While doing a bit of research on Kathmandu we came across a town that is an hour bus ride away, Bhaktapur. One of the best preserved medieval city states in Nepal. Like Kathmandu in 2015, Bhaktapur was hit hard by the earth quake and many of it's temples and buildings were destroyed and damaged. Getting out of Kathmandu and visiting Bhaktapur was now tops on the priority list. Now we just needed to find the bus station and the right bus.
The journey to the bus station was not crazy however it was interesting to leave the tourist area and walk with the local masses. Traffic circles were chaos and controlled by a standing guard on a raised platform that nobody listened to. We knew the direction and after stopping to ask for a help a few times we found the bus we needed. It was as you expected. Old, dirty and rusted with a slight aroma mixture of diesel and pee.
A half full bus pushed out of the station and three stations later people we jammed in to capacity. Nobody complained because this is just how it is. I had Caitlyn sit by the window for obvious reasons while I sat along the aisle. For 20 minutes I had a mixture of butt, crotch and children's faces rubbing against me. The entire trip lasting about an hour cost us 30 Rupees or about 30 cents Canadian.
The bus dropped us at the entrance to the historical section of town and we paid our 1500 Rupees entrance fee. We we given a nice map and great instructions from the ticket seller about the town and where to catch the bus for the return trip. So, loaded with information and a new confidence because we managed a bus from Kathmandu we set off into the old town.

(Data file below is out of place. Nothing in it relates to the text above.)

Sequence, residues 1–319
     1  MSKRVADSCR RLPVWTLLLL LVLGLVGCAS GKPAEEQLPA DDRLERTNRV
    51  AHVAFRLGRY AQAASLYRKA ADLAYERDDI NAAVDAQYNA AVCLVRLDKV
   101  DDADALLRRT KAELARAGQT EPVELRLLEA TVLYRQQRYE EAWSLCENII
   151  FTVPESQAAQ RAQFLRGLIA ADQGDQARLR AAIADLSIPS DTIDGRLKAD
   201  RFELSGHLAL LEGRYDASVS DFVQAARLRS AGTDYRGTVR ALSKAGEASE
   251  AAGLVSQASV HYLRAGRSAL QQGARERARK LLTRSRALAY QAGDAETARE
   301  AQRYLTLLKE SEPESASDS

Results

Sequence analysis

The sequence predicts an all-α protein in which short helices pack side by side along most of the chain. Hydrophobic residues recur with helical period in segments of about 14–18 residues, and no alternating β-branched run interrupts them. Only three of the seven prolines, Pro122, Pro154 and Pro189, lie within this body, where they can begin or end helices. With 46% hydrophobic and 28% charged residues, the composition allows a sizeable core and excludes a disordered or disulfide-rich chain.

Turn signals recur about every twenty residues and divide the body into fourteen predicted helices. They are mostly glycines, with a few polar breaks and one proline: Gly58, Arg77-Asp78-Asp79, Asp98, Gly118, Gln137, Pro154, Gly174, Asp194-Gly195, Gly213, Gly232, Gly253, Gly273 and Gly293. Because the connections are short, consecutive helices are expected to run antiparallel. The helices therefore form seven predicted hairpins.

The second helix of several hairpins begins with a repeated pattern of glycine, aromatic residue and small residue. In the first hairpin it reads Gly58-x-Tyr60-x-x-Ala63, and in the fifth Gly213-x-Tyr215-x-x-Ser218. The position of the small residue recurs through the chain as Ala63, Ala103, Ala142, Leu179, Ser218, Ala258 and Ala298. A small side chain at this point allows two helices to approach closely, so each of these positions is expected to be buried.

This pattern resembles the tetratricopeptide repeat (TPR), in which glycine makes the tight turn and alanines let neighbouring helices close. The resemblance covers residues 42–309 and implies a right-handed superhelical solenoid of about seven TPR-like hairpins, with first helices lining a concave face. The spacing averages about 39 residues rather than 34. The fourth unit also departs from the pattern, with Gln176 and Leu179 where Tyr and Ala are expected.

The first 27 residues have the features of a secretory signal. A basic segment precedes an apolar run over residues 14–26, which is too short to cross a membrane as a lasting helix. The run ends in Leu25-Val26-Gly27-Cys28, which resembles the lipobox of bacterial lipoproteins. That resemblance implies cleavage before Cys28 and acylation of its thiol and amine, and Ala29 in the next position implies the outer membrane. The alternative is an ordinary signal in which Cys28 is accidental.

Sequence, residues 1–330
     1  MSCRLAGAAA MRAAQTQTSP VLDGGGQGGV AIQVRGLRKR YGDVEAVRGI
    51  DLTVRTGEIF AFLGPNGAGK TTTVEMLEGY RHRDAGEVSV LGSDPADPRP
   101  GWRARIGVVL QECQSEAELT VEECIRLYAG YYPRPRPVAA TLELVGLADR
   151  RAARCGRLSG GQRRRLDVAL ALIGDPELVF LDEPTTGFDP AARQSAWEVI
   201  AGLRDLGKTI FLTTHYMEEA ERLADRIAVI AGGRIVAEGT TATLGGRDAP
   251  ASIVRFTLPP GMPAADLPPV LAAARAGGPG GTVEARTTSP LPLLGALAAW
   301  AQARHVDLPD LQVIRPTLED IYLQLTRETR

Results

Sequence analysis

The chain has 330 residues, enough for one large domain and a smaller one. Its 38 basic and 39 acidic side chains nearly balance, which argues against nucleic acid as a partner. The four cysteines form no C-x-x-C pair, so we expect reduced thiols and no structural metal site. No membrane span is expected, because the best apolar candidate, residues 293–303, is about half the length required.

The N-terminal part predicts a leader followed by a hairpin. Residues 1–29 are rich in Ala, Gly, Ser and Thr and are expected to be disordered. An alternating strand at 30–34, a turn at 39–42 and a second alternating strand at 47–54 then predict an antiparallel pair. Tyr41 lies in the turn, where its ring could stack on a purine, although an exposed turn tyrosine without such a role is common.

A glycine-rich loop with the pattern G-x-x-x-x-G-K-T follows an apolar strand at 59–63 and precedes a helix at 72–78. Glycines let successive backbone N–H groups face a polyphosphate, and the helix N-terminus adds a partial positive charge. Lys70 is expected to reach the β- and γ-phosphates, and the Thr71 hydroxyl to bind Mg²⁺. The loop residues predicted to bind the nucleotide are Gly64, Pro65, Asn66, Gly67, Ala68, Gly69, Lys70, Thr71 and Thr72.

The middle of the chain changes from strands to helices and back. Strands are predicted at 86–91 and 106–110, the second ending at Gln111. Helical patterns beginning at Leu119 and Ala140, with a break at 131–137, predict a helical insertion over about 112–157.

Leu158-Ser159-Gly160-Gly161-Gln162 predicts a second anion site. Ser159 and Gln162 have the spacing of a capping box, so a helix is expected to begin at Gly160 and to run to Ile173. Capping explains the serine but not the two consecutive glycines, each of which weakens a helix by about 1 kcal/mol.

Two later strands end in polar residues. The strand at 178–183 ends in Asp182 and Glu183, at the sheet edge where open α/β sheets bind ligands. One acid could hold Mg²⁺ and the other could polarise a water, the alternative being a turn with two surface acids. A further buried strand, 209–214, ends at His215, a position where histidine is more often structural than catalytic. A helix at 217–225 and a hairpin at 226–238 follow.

Immediately after you walk through the arch to the town you fall back into time, well except for the shops selling SIMS cards. Most doorways were small to shops and homes. The streets were strewn with debris and many of the buildings had the tell tale signs of earth quake damage.
We wandered up and down steep alleys that opened to grand plazas. The temples were fantastic but there is no way I could remember what they are called or what god they supported. Like many places I have visited on this journey these plazas are meeting places for all kinds of people. They hang around chatting, drinking tea or do nothing but be a part of the scenery. It creates a wonderful and colorful atmosphere.
Many of the temples are being restored but in the mean time they to are being held up by long planks of solid wood. Signs along the fenced in areas show countries from around the world supporting the restoration, particularly China.
Meandering the streets after lunch we noticed a long line of frantic woman heading to and fro with every imaginable variety of water bucket. As we neared them I noticed a large potable water truck from which the towns people were getting their water. It as a jolt of reality. Fifty metres away woman were pulling water from a large open well pit. The well was deep and this was not easy work. However here they were, singing and laughing as they pulled on the draw strings to raise their buckets.
Sometimes getting hit with a bit of reality is exactly what you need when you travel. Nepal is the poorest country in SE Asia and the evidence is there if you choose not to ignore it while shopping for your new fancy hiking gear.
Bhaktapur should be on your itinerary if you come to Kathmandu. It is a short day trip on a crazy local bus and it gives you a new view of the country, outside the touristy Thamel district. The people are warm and ready to talk if you initiate the conversation. A camera is a great ice breaker but do it in a gentle way. Carry your camera on your should so it is not the first thing people see. Start any type of conversation and work in pictures. Not only are most people willing but they are usually excited to see themselves. Now if someone says NO, then leave them alone. Do not try to take a stealth photo. Respect the NO and move on. There are plenty of willing and charming people in the town.